What on earth are Sherlock Holmes and Dr. Watson doing in Minnesota in 1899? Helping their friends and fellow sleuths - Shadwell Rafferty and George Washington Thomas - solve a murder/mystery. A labor activist has been killed, stripped, and then hanged. Just to make sure the message is clear, a sign in hung around the victim's neck, reading "The Secret Alliance Has Spoken". But was it really done by them? Can our fact-finding foursome get to the bottom of this? What do you think?
What's To Like...
The action starts immediately. We have a body by page 4; and Rafferty is on the case by page 13. The murder/mystery is nicely constructed. The solution is neither too obvious, nor too arbitrary.
Larry Millett lives in the Twin Cities, and takes pains to give you a detailed "feel" for life there at the dawn of the 20th century. But if historical details aren't your shtick, be of good cheer - most of the minutiae are in notes in the back of the book. The subject of labor unions vs. industry management is given an even-handed treatment. Greed has its counter in Extremism; and in 1899, any and all foes are conveniently labeled anarchists, just like today we conveniently call them all terrorists.
Alas, this isn't the Sherlock Holmes I know. This one is troubled by his dreams and gets guidance from his premonitions. Arthur Conan Doyle's Holmes would never do anything that subjective. Also, Holmes and Watson don't arrive on the scene until almost halfway through the book (page 186, to be exact), and there are very few brilliant Holmesian deductions that we all look forward to.
Finally, there are way too many back-reference plugs for earlier books in this series. And Rafferty drops his g's with annoying frequency. Sharin'; tryin'; doin'; etc.
Kewlest New Word...
Flaneur : an idler; a loafer.
"Ah yes, Miss Addie O'Donnell, the outspoken friend of the workingman. Have you gone through her place yet with your usual destructive thoroughness?"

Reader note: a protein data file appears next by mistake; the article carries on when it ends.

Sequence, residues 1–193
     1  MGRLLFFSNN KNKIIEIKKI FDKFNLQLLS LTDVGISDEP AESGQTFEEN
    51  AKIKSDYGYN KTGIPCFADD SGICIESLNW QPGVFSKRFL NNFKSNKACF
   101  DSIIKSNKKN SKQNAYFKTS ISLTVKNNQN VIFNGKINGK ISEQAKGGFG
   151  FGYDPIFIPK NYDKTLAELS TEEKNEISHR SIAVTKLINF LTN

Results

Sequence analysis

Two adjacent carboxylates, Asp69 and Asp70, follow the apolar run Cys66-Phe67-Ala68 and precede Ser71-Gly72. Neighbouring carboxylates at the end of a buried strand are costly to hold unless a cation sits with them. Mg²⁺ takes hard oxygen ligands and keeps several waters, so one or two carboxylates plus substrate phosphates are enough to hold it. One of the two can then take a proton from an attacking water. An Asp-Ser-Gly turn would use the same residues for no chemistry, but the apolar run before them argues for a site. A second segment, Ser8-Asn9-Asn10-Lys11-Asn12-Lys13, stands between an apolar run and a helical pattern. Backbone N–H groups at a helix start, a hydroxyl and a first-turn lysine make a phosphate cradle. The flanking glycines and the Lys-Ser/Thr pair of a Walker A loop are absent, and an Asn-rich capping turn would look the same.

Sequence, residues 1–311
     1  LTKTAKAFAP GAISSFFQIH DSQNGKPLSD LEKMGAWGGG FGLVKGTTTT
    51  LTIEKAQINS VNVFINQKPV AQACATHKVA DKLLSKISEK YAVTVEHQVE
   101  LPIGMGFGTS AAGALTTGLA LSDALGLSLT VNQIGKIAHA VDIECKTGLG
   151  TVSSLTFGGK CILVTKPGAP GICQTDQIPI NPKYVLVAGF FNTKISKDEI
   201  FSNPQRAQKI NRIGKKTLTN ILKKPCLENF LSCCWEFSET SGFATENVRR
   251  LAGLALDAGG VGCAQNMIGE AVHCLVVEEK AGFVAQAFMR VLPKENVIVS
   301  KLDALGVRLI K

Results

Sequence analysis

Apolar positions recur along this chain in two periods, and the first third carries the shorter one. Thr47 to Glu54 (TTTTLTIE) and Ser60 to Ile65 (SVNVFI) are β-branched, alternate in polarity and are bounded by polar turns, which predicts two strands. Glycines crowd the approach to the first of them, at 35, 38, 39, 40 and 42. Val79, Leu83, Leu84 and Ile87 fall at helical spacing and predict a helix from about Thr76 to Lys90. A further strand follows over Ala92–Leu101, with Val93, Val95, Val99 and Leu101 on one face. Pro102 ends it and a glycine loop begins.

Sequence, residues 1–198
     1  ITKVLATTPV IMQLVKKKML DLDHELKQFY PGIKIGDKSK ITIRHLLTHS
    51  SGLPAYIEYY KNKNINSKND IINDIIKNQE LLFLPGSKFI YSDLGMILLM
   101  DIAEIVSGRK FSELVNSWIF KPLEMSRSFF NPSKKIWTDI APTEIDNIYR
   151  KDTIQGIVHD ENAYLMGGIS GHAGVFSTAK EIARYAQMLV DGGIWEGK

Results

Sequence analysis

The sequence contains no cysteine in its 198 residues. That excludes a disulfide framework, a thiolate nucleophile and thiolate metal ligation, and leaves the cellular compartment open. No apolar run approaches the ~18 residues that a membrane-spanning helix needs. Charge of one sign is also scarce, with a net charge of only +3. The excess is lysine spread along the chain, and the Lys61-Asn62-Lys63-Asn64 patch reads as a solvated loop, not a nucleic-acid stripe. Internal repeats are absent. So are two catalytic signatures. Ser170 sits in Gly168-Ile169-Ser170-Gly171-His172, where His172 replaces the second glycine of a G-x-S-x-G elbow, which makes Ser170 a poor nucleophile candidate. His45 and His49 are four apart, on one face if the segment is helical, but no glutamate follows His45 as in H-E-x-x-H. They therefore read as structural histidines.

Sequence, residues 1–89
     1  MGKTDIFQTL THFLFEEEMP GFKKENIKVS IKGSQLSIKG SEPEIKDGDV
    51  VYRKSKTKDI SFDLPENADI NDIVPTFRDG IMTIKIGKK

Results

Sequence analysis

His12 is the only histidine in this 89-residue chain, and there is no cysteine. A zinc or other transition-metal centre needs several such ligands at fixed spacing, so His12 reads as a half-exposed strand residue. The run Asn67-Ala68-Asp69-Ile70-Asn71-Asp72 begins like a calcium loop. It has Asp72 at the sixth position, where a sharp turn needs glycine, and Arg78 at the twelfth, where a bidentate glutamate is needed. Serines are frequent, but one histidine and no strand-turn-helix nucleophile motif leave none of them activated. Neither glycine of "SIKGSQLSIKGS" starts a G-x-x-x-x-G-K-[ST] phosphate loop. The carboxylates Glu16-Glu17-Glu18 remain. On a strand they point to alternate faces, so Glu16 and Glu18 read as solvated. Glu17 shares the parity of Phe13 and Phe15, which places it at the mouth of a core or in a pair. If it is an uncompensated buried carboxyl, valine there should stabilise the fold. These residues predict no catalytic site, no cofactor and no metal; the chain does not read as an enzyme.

"No. We do that and she'll raise a big stink in the newspapers."
"True. The First Amendment is a constant bother, isn't it, Dolph? If the Founding Fathers had only started with the Second, our lives would be immeasurably easier." (pgs. 32-33)
"Am I callous? Perhaps, but the reality is that I can do nothing about the accident any more. Nothing. I can only accept that what happened was part of God's plan."
Rafferty had found that when people spoke of "God's plan" they were usually referring to someone else's misfortune, thereby confirming their own lofty status before the Almighty. (pg. 230)
"Spite, you see, can be a form of idealism." (pg. 77)
Larry Millett's Sherlock Holmes will not supplant the original. Ditto for the mystery itself, and the investigative techniques used to solve it.
Which is a shame, because based on its own merits, this story is quite good. If you edit out the two Englishmen (they aren't really necessary except for name-dropping), and rename the book "Shadwell Rafferty and the Secret Alliance", you avoid the inevitable comparison to Conan Doyle, and have yourself a very good historical murder-mystery. This story rates 8* without Holmes, but only 4* with him. That averages out to 6 Stars, so we'll go with that.